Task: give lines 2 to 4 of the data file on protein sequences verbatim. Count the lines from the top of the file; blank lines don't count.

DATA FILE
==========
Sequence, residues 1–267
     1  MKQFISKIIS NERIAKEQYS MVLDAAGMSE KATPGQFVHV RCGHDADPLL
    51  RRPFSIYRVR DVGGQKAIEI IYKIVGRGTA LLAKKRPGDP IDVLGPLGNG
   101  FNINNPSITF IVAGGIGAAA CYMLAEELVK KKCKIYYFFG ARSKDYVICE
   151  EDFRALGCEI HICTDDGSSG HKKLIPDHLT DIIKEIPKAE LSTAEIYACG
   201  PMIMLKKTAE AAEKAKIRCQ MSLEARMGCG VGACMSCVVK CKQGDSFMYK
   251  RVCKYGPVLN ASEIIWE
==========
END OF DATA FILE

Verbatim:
     1  MKQFISKIIS NERIAKEQYS MVLDAAGMSE KATPGQFVHV RCGHDADPLL
    51  RRPFSIYRVR DVGGQKAIEI IYKIVGRGTA LLAKKRPGDP IDVLGPLGNG
   101  FNINNPSITF IVAGGIGAAA CYMLAEELVK KKCKIYYFFG ARSKDYVICE